4. Accordingly, I agree with the commenter who said that DeAngelo should be judged, not on his sentiments, but on his actions. We would all do well to recognize these tools for what they are when we find our hands drifting toward them, and recognize the unfairness of using them even in the pursuit of a legitimate grievance. To make use of these tools is socially destructive, and can be called "racism" inasmuch as it makes those tools even more effective for others to use in the future; thus, even someone who harbors no racial animus can act in a "racist" manner in rational pursuit of his own self-interest.

A latent septic tank full of unconscious bias is utterly incompatible with rational pursuit of anything. It is convenient, however, for post hoc rationalizations of structurally embedded racist proclivities ...,

Michael Fisher said...

deangelo...

"The thematic responses have been that human nature fortified my response to the situation. It had nothing to do racism/white supremacy.

I think there is some truth to that. But why did I think "this green-card-less muthafucka who doesn't have insurance and now I'm fucked with my insurance company?"


We are the product of our social environments. If the social construct we live in is Racism/White Supremacy, then the values we are inculcated with will emanate from that system - both as a result of indoctrination by the System and resistance to the System.

Why would any of us be immune?

Your reaction was prejudicial, but was it racist?

Can a non-white practice racism in the context of the System of Racism/White Supremacy?

DeAngelo Starnes said...

Hey don't want y'all to think I've abandoned the discussion. Seen some really good comments and some insightful questions I'd like to get to.

But whiplash's a bitch.

I'm gonna take some Motrin, a muscle relaxer with a glass of wine and fade into blissful darkness.

Seeing the chiropractor tomorrow. Hopefully a massage therapist the day after.

But I shall return.

Michael Fisher said...

Hope you get better real soon.

Undercover Black Man said...

And DeAng... don't be thinking in your blissed-out state that a border fence is just about racist anger. America has every right (a duty, matter of fact) to control who comes in.

Matt Norwood said...

cnulan:

I don't disagree with you. I didn't mean to sound reductionist in my post: I was just trying to model /one/ of the phenomena we label "racist". Certainly there are others, and the psych literature on implicit bias points to a big one.

What I was saying is that, in a racist society, the signifiers of racism get mixed up in all kinds of other stuff that's not /primarily/ about race at all. Marginalized groups get used as scapegoats by the cops and by politicians in ways that don't necessarily have anything to do with those people's beliefs about racial superiority or inferiority; racism in that context is simply a convenient tool used toward self-serving ends. Similarly, I think, racist signifiers are used as psychological and rhetorical tools by people engaged in personal conflicts where the employment of those tools doesn't necessarily say anything about the user's preexisting beliefs about race. One of my normative points was that, in /these/ kinds of contexts, the perpetrator's lack of racist /beliefs/ is irrelevant to his moral blameworthiness; he should be judged by the way his /actions/ make the problems of racism worse in our society.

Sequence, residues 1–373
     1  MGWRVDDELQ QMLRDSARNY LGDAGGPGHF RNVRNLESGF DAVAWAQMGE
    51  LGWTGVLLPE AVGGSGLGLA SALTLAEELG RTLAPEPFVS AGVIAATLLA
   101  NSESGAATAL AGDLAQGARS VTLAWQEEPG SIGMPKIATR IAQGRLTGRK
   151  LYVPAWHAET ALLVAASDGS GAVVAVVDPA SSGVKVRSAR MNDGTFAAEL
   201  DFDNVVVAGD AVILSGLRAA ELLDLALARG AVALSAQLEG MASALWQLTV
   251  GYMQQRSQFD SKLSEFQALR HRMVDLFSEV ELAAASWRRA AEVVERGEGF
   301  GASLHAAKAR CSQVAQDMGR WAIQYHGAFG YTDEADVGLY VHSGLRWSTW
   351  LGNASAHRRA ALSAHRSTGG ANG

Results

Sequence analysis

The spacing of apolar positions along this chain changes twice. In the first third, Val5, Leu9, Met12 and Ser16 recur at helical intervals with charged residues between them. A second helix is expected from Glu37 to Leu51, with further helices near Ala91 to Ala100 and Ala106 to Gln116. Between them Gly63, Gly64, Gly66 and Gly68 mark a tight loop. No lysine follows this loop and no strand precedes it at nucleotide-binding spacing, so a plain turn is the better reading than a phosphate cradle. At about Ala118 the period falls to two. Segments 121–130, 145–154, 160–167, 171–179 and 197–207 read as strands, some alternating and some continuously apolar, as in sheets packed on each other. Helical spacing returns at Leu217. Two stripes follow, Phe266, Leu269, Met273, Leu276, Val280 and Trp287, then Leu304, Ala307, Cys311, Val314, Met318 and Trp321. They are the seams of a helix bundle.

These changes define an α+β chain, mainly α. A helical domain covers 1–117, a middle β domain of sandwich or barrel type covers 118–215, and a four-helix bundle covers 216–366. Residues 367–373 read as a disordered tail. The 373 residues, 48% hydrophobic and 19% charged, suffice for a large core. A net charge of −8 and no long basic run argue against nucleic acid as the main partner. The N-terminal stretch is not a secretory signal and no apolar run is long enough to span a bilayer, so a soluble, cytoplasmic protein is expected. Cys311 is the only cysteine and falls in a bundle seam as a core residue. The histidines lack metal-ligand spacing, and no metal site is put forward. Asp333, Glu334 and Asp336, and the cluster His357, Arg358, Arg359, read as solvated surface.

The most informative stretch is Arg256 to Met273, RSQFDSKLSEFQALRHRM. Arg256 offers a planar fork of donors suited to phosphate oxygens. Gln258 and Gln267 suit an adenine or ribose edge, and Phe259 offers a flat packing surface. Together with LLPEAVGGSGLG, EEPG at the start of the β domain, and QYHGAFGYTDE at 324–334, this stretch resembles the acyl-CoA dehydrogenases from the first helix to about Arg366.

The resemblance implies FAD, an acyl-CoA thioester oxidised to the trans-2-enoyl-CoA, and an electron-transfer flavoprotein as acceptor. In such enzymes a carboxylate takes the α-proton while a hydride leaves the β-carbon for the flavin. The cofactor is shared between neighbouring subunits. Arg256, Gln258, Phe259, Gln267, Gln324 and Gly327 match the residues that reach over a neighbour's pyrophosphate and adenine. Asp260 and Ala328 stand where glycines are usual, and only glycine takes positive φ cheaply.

jpbelmondo said...

This is an aside, but there seems to be a deep-seated need for a human society to have a group or groups of other people to look down upon, just so they will feel better about themselves (and if a member of that outsider group actually does something wrong, it only reinforces the feeling of members of the insider group that those outsiders are, in fact, bad people, and deserve the abuse they get.) I am in the middle of The Discovery of France, by Graham Robb, which, among many fascinating anecdotes, describes the Cagots, who were identified as a minority group in Western France since 1100 AD and into the 19th century, and were slandered, abused, and forced to use separate facilities (including, no joke, water fountains) even though they were physically identical to everyone else who was not considered a Cagot. They were identified only by their families (and to a lesser extent by the trades they were only allowed to have), so that when the Revolution came, many Cagots tried to destroy the public records identifying them as such, only to have their neighbors memorialize their caste status by putting their names into rhyming songs.

DeAngelo Starnes said...

I wouldn't wish whiplash on George Bush or Dick Cheney.

Let me start off with this. I don't think DeAngelo is unique in going where he went in his mind. For instance, I'm sure some of the white readers out there have been in the room when nigga jokes were told and even may have laughed at them. May have been in the room when code words were used when making a decision that affected someone's livelihood. And I know a lotta white readers out there question the merits of an affirmative action program wondering "Why do those people (fill in your favorite nonwhite group) get a break to get in school or a job?" I experienced that shit first hand in law school. Numerous comments about how I wouldn't have gotten into school but for affirmative action or listened to laments about how someone's buddy or relative didn't get into school because some affirmative action baby took his/her place.